Kugarajah Ratnam, Petitioner, v. Immigration and Naturalization Service, Respondent, 177 F.3d 742 (9th Cir. 1999)Annotate this Case
Before: FLETCHER, D. W. NELSON, and SILVERMAN, Circuit Judges.ORDER
Petitioner Ratnam seeks an award of attorneys' fees for this appeal pursuant to the Equal Access to Justice Act, 28 U.S.C. § 2412(d) (EAJA). We grant fees, but refer the matter to Commissioner Shaw for a recommendation as to the appropriate amount of the award.
EAJA provides, in pertinent part:
[A] court shall award to a prevailing party other than the United States fees and other expenses ... incurred by that party in any civil action ... including proceedings for judicial review of agency action ... unless the court finds that the position of the United States was substantially justified or that special circumstances make an award unjust.
28 U.S.C. § 2412(d) (1) (A). It is undisputed that Ratnam is a "prevailing party" in this case. On August 31, 1998, we granted his petition for review of the Board of Immigration Appeals' denial of his application for asylum. We found Ratnam statutorily eligible for asylum and remanded the case for the BIA to exercise its discretion as to whether to grant asylum. See Ratnam v. INS, 154 F.3d 990 (9th Cir. 1998). On remand, the BIA granted Ratnam's application for asylum. Thus, Ratnam is a prevailing party under EAJA.
The INS contends, however, that attorneys' fees should not be awarded because its defense of the BIA's denial of asylum was "substantially justified." In order to be substantially justified under EAJA, the government's position must have a "reasonable basis in law and fact." Pierce v. Underwood, 487 U.S. 552, 566 n. 2, 108 S. Ct. 2541, 101 L. Ed. 2d 490 (1988); see Rueda-Menicucci v. INS, 132 F.3d 493, 495 (9th Cir. 1997). The government has the burden of showing substantial justification for its position. See Ramon-Sepulveda v. INS, 863 F.2d 1458, 1459 (9th Cir. 1988). The INS does not carry that burden in this case.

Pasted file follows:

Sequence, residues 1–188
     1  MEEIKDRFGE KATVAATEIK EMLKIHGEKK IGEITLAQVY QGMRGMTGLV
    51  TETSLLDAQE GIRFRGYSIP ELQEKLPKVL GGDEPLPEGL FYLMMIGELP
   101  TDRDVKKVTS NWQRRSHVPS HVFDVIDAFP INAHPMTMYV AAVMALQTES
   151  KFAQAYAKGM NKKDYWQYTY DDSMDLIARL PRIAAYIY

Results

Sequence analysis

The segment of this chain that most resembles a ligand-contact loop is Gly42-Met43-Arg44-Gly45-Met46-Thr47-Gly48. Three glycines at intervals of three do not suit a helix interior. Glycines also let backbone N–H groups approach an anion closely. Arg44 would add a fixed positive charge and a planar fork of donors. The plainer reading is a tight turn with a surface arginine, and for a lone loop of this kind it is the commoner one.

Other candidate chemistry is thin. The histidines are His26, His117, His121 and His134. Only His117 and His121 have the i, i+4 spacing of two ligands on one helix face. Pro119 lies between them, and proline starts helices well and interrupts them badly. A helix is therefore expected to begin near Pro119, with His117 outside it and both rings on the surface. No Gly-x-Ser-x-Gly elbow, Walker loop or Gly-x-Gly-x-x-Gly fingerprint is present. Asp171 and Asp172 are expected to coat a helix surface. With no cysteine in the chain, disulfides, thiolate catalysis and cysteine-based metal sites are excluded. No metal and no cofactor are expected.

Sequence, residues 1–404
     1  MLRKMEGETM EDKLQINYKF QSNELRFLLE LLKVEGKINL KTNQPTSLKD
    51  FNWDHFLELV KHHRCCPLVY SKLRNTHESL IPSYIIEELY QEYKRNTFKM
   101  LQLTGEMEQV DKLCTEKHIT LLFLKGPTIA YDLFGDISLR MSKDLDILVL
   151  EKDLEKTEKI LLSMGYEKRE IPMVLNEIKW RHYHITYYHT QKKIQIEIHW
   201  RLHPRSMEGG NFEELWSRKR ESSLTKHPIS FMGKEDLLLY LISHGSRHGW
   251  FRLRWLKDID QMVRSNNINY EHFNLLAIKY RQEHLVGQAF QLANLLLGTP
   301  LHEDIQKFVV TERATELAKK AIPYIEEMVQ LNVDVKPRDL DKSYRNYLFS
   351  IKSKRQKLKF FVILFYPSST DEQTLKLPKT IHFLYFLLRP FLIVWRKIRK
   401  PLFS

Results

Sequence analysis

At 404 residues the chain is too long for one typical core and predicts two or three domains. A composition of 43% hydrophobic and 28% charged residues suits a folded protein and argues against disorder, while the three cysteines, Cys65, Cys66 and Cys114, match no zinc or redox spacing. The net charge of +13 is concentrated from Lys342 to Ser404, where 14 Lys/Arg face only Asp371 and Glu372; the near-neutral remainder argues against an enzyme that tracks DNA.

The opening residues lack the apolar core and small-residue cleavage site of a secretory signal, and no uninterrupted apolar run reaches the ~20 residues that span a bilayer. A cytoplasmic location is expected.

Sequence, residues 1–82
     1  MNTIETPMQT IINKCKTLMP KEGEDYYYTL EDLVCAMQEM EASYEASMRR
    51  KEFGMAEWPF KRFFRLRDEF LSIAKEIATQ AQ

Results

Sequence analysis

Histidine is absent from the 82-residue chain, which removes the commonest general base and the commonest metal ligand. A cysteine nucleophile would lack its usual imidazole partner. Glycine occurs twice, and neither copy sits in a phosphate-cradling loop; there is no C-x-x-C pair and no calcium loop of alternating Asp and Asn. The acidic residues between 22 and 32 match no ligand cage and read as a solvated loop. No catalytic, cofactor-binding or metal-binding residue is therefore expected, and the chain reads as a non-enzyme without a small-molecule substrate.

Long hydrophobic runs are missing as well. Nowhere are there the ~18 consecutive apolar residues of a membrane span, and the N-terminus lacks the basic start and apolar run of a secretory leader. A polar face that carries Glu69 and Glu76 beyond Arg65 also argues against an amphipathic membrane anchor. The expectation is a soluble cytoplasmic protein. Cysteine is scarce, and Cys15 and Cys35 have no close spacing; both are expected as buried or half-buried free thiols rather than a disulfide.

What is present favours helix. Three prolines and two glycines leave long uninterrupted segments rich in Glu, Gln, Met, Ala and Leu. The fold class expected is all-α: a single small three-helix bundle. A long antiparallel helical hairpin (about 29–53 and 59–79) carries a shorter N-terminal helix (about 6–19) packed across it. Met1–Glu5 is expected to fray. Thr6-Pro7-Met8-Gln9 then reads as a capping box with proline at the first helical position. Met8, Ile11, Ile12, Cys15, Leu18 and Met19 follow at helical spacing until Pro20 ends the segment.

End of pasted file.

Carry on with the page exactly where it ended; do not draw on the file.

The INS offers several reasons for why its defense of the BIA's decision was substantially justified. The most significant of these is the INS's claim that the central issue of this appeal--the nature and quantum of evidence required to establish persecution on account of political opinion where the record contains evidence of other motives for persecution--was a unique issue of first impression. This statement is plainly wrong. Far from presenting an issue of first impression, this case was controlled by our previous decision in Harpinder Singh v. Ilchert, 63 F.3d 1501 (9th Cir. 1995). We stated this in our opinion granting Ratnam's petition for review. See Ratnam, 154 F.3d at 996 (holding that the case was "squarely controlled by Harpinder Singh "). Following Harpinder Singh 's legal analysis, and recognizing the factual similarities between the two cases, we held that the record compelled reversal of the BIA's decision.1
Because the INS fails to show that its defense of the BIA's decision was substantially justified, we hold that Ratnam is entitled to attorneys' fees in this case. We refer the matter to Commissioner Shaw for a recommendation as to the appropriate amount of the award.
The INS also claims that the BIA's opinion is consistent with case law in other circuits. This is irrelevant to whether the government was substantially justified in this case. Where, as here, the case law of our circuit runs squarely against the government's position, the government is not substantially justified simply because other courts elsewhere in the country may be more receptive to its arguments